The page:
Find Information About:

Drugs & Supplements

Get information and reviews on prescription drugs, over-the-counter medications, vitamins, and supplements. Search by name or medical condition.

Pill Identifier

Pill Identifier

Having trouble identifying your pills?

Enter the shape, color, or imprint of your prescription or OTC drug. Our pill identification tool will display pictures that you can compare to your pill.

Get Started
My Medicine

My Medicine

Save your medicine, check interactions, sign up for FDA alerts, create family profiles and more.

Get Started

WebMD Health Experts and Community

Talk to health experts and other people like you in WebMD's Communities. It's a safe forum where you can create or participate in support groups and discussions about health topics that interest you.

  • Second Opinion

    Second Opinion

    Read expert perspectives on popular health topics.

  • Community


    Connect with people like you, and get expert guidance on living a healthy life.

Got a health question? Get answers provided by leading organizations, doctors, and experts.

Get Answers

Sign up to receive WebMD's award-winning content delivered to your inbox.

Sign Up

Melanoma/Skin Cancer Health Center

Font Size

Some IBD Drugs May Raise Skin Cancer Risk

Study Shows Increased Risk for Patients Taking Immune-Suppressing Medications

IBD Patients Only continued...

Among the findings:

  • Use of any immunosuppressant medicines in the past 90 days increased risk of skin cancer by 3.2, she found.
  • Thiopurine medicine boosted the risk the most, followed by biologics. Among thiopurines are mercaptopurine (Purinethol) and azathioprine (Imuran). Biologics include infliximab (Remicade) and others.
  • Long-term use, defined as a year or more, was more strongly associated with risk of skin cancer. Those who had taken the thiopurine medicines for more than a year, for instance, had a fourfold increased risk of skin cancer; Crohn's patients on long-term biologics had a twofold increased risk.

Exactly why the medications seem to boost the risk of nonmelanoma skin cancers, Long says, isn't certain.

Other research has suggested that the medications may increase the sensitivity of skin to sunlight, she says.

Changes to the immune system itself as a result of the IBD can't be ruled out, however, as a factor increasing skin cancer risk, she says.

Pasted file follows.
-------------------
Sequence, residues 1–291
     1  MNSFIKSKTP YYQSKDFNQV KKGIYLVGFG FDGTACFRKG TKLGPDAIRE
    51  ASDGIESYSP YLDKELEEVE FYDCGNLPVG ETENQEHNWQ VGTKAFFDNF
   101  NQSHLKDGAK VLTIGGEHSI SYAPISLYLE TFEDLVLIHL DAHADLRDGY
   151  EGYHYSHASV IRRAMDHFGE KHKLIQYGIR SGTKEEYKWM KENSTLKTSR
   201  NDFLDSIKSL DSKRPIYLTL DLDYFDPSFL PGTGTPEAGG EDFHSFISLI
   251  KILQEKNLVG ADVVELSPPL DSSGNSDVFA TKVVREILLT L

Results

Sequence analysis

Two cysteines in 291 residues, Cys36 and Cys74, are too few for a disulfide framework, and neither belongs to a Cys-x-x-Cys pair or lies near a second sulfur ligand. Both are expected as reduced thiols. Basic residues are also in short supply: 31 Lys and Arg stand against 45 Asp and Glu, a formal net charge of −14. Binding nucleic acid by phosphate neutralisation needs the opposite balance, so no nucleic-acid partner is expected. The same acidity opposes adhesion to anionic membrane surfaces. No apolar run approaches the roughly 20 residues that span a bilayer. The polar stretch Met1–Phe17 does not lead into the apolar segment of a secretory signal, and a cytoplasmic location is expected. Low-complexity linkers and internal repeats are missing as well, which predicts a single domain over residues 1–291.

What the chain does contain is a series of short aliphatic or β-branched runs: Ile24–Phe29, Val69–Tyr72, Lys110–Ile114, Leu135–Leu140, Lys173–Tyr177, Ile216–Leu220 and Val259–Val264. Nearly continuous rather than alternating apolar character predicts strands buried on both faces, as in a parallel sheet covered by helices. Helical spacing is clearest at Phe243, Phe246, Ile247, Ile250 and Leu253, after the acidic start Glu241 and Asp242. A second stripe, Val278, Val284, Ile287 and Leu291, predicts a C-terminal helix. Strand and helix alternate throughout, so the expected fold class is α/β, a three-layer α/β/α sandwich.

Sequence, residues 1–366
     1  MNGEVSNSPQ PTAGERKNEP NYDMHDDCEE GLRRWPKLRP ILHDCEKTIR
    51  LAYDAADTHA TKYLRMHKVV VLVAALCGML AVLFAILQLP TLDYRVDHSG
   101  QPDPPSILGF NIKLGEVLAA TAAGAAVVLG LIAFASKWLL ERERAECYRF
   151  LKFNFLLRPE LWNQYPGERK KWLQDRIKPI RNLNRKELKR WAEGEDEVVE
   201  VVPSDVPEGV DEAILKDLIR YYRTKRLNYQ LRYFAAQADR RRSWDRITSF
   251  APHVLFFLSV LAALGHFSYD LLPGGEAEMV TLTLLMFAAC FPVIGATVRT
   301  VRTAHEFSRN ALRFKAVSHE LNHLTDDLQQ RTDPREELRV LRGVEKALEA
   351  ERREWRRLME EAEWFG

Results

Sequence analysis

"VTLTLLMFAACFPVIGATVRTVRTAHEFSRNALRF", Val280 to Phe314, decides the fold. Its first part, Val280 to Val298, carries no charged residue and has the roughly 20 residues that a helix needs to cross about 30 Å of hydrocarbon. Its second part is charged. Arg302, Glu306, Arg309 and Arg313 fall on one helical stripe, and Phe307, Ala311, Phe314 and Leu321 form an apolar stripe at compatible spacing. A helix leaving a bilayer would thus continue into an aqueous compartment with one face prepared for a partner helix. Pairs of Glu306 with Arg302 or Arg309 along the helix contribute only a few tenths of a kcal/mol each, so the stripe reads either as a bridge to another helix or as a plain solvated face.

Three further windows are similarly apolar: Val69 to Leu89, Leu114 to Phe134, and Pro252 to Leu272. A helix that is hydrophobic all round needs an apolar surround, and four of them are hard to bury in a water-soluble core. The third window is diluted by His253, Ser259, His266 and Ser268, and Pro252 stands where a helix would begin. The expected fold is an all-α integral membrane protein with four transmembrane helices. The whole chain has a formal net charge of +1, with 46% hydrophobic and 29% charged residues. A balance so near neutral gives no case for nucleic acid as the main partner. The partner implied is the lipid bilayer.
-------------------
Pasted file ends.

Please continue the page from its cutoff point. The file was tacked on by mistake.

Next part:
Second Opinion

The new study results are no surprise, says Sunanda Kane, MD, MSPH, associate professor of medicine at the Mayo Clinic in Rochester, Minn., a gastroenterologist who focuses her research and clinical work on IBD.

''We have always sort of suspected that perhaps the common cancers are even more common in patients who are chronically immunosupressed."

The findings should get patients and doctors thinking differently, she says, about who is at risk for skin cancers. "Historically we think of skin cancer patients as Caucasians from the Northern Hemisphere," she says. But many others are also at risk, she says.

''People should not change their medications whatsoever because of these findings," Long says. The take-home message for patients, she says, is to be aware of the risk and keep a closer eye on their skin as well as adhere to safe sunning practices such as wearing a broad-spectrum sunscreen.

Deborah S. Sarnoff, MD, vice president of the Skin Cancer Foundation, agrees: ''Patients taking immunosuppressive medication for prolonged periods need to be extra vigilant about checking their skin and practicing sun safety every day."

Today on WebMD

Malignant melanoma
About 40-50 percent of those who live to be 65 may get it. Here’s how to spot early.
Woman checking out tan lines
There’s a dark side to that strive for beauty. See them here.
sauteed cherry tomatoes
Fight cancer one plate at a time.
Lung cancer xray
See it in pictures, plus read the facts.
12 Ways to Protect Your Skin from Melanoma
precancerous lesions slideshow
Do You Know Your Melanoma ABCs
15 Cancer Symptoms Men Ignore
screening tests for men
Vitamin D
Is That Mole Skin Cancer
Brilliant sun rays